Airline Meltdowns Raise Fears of Holiday Travel Woes
American Airlines canceled more than 1,900 flights last weekend, the latest in a troubling trend of airline network collapses in recent months.
The airline blamed the cancelations on gusty winds out of its Dallas-Fort Worth hub for starting the episode, saying the weather event forced the airport to slow arrival rates and limit the use of some runways. Coming at the very end of October, that left flight crews bumping up against the maximum hours that they’re allowed or required to work in a given time period.
Earlier in October, Southwest suffered a similar episode, when a confluence of factors led it to cancel nearly 2,000 flights after a brief period of bad weather in Florida.
The common thread with all of the cancelations has been short-staffing.
As travel demand has rebounded from the peak of the COVID-19 pandemic, airlines have been forced to decide how to balance the surge in travel interest with reduced staffing due — caused in large part by early retirements, buyouts, and voluntary leaves of absence taken at the start of the crisis.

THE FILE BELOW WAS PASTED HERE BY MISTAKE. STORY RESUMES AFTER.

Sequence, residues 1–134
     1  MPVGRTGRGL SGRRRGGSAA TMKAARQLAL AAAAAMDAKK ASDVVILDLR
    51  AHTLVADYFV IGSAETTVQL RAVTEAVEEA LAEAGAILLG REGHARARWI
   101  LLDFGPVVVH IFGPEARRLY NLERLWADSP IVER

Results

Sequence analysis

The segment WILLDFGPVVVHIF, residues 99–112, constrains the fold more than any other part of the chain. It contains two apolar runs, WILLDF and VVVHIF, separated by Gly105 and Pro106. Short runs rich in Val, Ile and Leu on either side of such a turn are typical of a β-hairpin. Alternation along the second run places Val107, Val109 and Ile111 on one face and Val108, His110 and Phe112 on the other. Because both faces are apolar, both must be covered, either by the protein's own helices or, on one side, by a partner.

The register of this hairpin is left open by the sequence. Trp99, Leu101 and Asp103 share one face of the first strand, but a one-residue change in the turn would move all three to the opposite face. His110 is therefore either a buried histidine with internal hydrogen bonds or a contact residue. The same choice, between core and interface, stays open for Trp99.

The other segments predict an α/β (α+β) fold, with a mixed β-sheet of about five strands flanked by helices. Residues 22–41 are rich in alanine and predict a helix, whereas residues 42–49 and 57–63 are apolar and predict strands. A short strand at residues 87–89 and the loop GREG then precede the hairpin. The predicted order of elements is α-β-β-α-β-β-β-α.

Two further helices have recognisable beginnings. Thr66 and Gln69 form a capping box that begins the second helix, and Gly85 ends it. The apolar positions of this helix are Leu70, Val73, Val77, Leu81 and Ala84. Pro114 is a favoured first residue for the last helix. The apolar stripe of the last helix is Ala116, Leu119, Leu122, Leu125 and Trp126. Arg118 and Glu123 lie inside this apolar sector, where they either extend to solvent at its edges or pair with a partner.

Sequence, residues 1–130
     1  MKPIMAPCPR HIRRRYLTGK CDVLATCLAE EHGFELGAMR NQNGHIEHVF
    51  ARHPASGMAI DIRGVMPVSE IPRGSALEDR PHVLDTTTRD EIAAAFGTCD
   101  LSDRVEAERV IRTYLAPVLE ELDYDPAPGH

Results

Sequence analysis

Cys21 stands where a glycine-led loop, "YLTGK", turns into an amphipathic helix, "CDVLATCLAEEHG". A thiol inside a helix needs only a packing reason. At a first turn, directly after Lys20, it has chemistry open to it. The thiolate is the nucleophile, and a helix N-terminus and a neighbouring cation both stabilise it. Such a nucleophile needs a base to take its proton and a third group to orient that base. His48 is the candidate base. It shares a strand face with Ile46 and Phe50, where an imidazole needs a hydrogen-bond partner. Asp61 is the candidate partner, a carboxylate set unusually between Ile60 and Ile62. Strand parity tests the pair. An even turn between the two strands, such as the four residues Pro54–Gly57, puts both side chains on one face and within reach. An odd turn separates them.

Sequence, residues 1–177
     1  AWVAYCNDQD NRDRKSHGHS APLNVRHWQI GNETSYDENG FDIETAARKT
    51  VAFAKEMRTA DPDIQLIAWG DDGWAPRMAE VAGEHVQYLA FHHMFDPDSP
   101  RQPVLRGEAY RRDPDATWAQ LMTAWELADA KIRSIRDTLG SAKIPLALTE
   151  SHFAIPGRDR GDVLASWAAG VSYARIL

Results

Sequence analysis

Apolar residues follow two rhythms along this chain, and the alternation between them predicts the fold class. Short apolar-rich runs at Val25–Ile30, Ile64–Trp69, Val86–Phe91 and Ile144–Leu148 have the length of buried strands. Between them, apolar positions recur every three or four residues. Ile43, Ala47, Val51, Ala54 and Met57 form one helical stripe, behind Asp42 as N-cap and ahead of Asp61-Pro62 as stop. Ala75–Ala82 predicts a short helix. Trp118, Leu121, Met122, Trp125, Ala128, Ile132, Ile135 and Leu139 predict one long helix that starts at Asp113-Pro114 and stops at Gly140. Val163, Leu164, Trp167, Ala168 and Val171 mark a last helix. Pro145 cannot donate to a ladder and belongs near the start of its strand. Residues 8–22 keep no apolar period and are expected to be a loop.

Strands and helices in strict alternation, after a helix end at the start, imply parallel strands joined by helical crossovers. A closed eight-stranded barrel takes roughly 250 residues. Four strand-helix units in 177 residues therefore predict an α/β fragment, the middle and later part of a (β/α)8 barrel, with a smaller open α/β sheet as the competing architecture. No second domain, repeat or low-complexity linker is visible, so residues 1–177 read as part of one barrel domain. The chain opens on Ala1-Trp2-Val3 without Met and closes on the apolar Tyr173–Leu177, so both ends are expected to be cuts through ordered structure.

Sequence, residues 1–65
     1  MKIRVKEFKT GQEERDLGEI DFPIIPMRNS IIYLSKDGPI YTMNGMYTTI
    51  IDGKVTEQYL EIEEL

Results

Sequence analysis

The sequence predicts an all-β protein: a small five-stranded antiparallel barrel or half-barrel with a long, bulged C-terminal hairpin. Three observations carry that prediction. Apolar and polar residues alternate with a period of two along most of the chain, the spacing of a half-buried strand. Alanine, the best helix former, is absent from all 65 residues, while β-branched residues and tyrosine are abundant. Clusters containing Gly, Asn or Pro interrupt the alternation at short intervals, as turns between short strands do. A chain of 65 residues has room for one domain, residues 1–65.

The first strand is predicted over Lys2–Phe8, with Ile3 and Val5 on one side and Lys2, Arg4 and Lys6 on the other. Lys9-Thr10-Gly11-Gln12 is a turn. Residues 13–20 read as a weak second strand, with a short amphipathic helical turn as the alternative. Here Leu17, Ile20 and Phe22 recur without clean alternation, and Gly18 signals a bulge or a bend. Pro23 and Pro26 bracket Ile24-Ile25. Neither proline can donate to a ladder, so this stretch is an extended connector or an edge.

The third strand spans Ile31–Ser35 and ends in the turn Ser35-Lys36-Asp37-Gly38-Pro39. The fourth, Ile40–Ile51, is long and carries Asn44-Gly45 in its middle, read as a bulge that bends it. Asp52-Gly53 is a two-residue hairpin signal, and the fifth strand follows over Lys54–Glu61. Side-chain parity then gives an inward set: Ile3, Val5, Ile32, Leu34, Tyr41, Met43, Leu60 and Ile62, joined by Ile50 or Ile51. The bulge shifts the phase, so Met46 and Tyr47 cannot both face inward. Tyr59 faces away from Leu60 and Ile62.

Although carriers have tried to hire new staff and recall those on leave, the current tight labor market has complicated the effort.
The prevalence of these issues has led to consumer worries over air travel during the upcoming holiday travel season, when demand is expected to be a pandemic-era high.
Spirit and Southwest have pointed to plans to slow growth and ensure adequate staffing levels over the holidays, while American pointed to plans already in the works to improve staffing — including the recall of more than 1,800 flight attendants from pandemic leaves, along with plans to hire 600 new cabin crew members by the end of the year.